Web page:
You are not logged in.

Reply

Dear visitor, welcome to SPRINKLER TALK FORUM - You Got Questions, We've Got Answers. If this is your first visit here, please read the Help. It explains how this page works. You must be registered before you can use all the page's features. Please use the registration form, to register here or read more information about the registration process. If you are already registered, please login here.

Attention: The last reply to this post was 3859 days ago. The thread may already be out of date. Please consider creating a new thread.

Message information
Message
Settings
Automatically converts internet addresses into links by adding [url] and [/url] around them.
Smiley code in your message such as :) is automatically displayed as image.
You can use BBCode to format your message, if this option is enabled.
Security measure

Please enter the letters that are shown in the picture below (without spaces, and upper or lower case can be used).

The last 9 posts

Thursday, February 5th 2004, 3:54pm

by Rays Sprinklers

if there is cement to the garage....run the wire under the house...along the perimeter until you reach a lawn or garden area where you can bury the wire, and lead into the garage.

Thursday, February 5th 2004, 3:53pm

by Rays Sprinklers

if there is cement to the garage....run the wire under the house...along the perimeter until you reach a lawn or garden area where you can bury the wire, and lead into the garage.

Saturday, January 24th 2004, 6:55am

by bilagaana

This is southern California; kids grow up here without knowing what a basement is. It's all living and dining room behind the cabinet, to the other side of the house. The garage is really the only acceptable location for an indoor controller. It would take massive trenching to route the wires in both directions, and I've done enough of that trying to trace the existing system and bring some logic to it. If I were starting from scratch, I'd definitely go indoor. Incidentally, I plan to post later to whatever thread is devoted to valves. I greatly appreciate everyone's time and effort in replying to my questions. This is the one useful forum I've found.

Saturday, January 24th 2004, 4:54am

by drpete3

Do you have to mount in the garage? What room is behind that cabinet? Do You have a basement?

Friday, January 23rd 2004, 6:30pm

by bilagaana

I appreciate all the advice. I'll go with the Hunter, then. I'm assuming this means using the modular unit, as I need twelve stations. Unfortunately, there's no practical way to run wire for an indoor controller. The garage is on the diagonally opposite corner of the house from the valves, and there's a whole lot of concrete in between. This has been a year-long project, trying to get a working system out of the kludge mess the previous owners left. It's not over yet. And this clown supposedly made his living landscaping. I pity his clients.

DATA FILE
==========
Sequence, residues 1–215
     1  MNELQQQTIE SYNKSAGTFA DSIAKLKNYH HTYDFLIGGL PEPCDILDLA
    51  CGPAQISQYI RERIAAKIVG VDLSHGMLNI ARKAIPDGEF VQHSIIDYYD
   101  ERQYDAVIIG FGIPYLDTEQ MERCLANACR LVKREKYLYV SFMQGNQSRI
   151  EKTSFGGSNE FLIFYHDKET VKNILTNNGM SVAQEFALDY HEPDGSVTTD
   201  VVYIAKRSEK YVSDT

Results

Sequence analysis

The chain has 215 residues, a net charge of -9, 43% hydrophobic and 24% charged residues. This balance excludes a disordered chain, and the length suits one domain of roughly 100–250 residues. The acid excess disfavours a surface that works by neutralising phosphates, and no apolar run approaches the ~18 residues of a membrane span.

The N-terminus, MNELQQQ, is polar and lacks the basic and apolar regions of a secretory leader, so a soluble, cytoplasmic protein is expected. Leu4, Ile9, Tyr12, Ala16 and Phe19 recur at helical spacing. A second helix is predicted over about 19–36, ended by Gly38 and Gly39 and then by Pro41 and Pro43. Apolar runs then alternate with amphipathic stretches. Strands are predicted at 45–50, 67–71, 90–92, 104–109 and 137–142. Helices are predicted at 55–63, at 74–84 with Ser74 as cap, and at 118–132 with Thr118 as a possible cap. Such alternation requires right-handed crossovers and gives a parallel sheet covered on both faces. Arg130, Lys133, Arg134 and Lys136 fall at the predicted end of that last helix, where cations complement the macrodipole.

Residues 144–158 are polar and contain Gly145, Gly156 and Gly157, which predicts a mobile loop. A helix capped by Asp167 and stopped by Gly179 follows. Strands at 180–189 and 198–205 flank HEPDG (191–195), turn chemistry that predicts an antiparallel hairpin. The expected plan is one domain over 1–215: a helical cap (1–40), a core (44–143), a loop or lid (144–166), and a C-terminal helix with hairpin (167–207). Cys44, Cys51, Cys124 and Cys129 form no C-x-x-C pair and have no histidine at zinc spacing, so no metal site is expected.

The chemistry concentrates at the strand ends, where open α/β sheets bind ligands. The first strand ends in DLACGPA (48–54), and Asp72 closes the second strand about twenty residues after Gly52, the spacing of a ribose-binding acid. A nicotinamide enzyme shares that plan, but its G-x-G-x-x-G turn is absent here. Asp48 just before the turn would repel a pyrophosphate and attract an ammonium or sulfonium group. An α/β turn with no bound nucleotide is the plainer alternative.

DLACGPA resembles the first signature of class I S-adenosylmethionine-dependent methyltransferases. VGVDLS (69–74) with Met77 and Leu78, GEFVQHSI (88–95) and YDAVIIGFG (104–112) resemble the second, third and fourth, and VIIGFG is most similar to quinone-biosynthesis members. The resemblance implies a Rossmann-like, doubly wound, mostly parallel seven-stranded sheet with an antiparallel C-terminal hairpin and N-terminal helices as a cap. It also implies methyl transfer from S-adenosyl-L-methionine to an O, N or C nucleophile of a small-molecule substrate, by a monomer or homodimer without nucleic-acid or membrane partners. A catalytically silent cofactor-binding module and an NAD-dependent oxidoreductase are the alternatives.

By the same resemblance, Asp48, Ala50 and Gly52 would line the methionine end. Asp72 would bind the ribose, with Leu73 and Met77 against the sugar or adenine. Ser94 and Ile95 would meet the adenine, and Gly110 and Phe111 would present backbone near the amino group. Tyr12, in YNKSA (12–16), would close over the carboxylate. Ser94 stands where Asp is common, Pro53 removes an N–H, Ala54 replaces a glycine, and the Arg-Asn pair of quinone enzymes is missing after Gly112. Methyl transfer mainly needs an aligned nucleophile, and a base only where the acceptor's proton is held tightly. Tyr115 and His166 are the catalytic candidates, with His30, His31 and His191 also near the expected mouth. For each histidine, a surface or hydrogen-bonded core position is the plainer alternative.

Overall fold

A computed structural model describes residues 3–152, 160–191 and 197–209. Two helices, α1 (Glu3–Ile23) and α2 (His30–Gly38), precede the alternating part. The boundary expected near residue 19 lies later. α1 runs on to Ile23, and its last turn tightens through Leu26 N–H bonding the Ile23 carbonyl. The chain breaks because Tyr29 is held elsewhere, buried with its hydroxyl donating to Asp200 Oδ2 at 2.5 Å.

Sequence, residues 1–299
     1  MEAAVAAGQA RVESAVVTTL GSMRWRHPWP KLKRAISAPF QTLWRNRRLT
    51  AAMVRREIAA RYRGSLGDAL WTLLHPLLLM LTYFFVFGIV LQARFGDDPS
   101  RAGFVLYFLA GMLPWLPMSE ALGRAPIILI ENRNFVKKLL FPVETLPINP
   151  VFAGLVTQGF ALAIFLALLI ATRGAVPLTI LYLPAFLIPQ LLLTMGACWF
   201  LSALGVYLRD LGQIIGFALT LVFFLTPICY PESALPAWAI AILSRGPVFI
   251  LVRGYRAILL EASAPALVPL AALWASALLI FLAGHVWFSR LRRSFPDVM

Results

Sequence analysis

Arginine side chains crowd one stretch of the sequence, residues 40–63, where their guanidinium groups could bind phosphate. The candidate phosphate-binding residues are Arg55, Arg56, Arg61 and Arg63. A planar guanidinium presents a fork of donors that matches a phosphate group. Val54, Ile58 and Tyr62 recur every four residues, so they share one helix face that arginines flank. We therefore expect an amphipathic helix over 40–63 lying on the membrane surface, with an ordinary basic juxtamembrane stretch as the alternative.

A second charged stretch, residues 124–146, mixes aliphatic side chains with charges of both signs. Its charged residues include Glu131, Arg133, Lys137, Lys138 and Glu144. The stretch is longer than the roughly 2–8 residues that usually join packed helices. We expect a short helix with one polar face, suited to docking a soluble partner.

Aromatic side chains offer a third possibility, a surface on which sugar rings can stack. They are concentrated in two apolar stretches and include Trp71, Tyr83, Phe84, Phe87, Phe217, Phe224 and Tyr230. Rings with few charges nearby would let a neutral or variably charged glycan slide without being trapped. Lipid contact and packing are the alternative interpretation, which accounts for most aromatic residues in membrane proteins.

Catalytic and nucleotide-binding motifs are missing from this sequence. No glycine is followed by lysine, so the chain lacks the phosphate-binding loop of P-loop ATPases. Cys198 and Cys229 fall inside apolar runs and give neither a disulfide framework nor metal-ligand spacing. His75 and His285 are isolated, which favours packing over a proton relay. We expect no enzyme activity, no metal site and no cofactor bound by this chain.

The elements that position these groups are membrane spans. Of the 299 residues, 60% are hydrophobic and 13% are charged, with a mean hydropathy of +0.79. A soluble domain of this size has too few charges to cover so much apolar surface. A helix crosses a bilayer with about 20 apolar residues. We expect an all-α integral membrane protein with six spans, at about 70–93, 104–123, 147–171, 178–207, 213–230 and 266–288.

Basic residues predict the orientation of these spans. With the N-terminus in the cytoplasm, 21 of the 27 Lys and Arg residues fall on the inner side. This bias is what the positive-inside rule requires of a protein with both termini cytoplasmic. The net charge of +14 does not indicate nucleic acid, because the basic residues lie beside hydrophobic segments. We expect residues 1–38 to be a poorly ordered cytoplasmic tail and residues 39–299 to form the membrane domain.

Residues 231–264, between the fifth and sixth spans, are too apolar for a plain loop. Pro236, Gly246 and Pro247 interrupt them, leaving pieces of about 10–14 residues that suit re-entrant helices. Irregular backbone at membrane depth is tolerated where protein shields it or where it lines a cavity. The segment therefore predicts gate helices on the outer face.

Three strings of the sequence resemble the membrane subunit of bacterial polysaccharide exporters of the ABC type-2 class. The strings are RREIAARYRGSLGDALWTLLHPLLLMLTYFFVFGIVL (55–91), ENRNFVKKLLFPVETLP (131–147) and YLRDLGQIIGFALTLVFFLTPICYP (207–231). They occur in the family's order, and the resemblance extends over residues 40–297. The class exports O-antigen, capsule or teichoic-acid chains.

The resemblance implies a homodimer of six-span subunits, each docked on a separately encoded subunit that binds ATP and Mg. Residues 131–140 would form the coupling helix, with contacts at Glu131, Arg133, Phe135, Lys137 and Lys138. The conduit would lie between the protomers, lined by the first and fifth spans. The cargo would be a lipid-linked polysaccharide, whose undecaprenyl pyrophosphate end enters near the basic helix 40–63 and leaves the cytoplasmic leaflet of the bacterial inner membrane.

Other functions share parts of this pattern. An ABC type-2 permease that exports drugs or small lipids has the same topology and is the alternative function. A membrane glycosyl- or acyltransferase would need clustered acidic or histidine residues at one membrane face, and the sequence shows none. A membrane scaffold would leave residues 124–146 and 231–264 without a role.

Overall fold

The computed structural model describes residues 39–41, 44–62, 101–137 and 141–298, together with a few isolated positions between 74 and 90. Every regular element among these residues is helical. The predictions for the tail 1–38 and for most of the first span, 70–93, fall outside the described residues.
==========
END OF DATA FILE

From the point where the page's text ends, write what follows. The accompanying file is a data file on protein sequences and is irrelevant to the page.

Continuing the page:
Friday, January 23rd 2004, 5:55pm

by mrwettech

bilagaana: I totally agree with Ray that the indoor controller is the ideal way to go if you can install it in the house or the garage.

Friday, January 23rd 2004, 2:49pm

by Rays Sprinklers

HUNter is the way to go....get a Hunter SRC or a Proc depending on the zonage amounts and install it INDOORs.....guarantteed to give you trouble free operation

Thursday, January 22nd 2004, 5:37pm

by mrwettech

I'm a Hunter man myself and have been very satisfied with their product line. The Hunter Pro-C is a good user friendly controller which I have found to be very dependable. In reference to your indoor/outdoor question I would lean towards the outdoor model due to several aspects. First of all, eventhough you used your skills to built an adequate cabinet, one day you may want to remove it and you will have the proper controller if you do. Secondly, I see that you have a weather gaurd outlet which is fine for either controller (while in the cabinet) but just keep in mind that the indoor model has a plug-in transformer which eliminates the protective feature of that outlet. And finally, unless there is a city code preventing you from changing out your controller I am not aware of any warrenty issues about an electrician doing your wiring. All you need is a power supply cord which consists of 3 basic wire connections in the controller then plugs into your outlet. Keep in mind that there is just a $15-$30 difference in controller models and the modules will be the same cost for both. I hope this helps.

Monday, January 19th 2004, 8:17am

by bilagaana

Indoor or Outdoor?

Thinking it was my fault or the local conditions (southern California) that caused two Orbit controllers to fail in as many years, I built a cabinet in the hope it would prolong their service life. After the third controller malfunctioned, I learned what junk they are. My intent is to install an Irritrol, Hunter or Rainbird replacement. The problem I'm having is getting a straight answer from the local supply houses. Variously, I am told that I can use an indoor controller and plug it into the outlet, or that I must hire an electrician to wire an outdoor model to make the warranty valid. The construction and location of the box make it highly unlikely that any timer would be directly exposed to rain or spray. There are significant price differentials between indoor and outdoor units and labor expenses if an electrician is needed. I'd appreciate any thoughts on this issue. The existing installation can be seen here: http://www.bilagaana.com/valves/valves02.html

Thanks for your help.

Incidentally, I'm aware that the anti-siphon valves are too low to be effective and correcting this is the second half of the project. That's a simple in-line check valve to the left of the third box.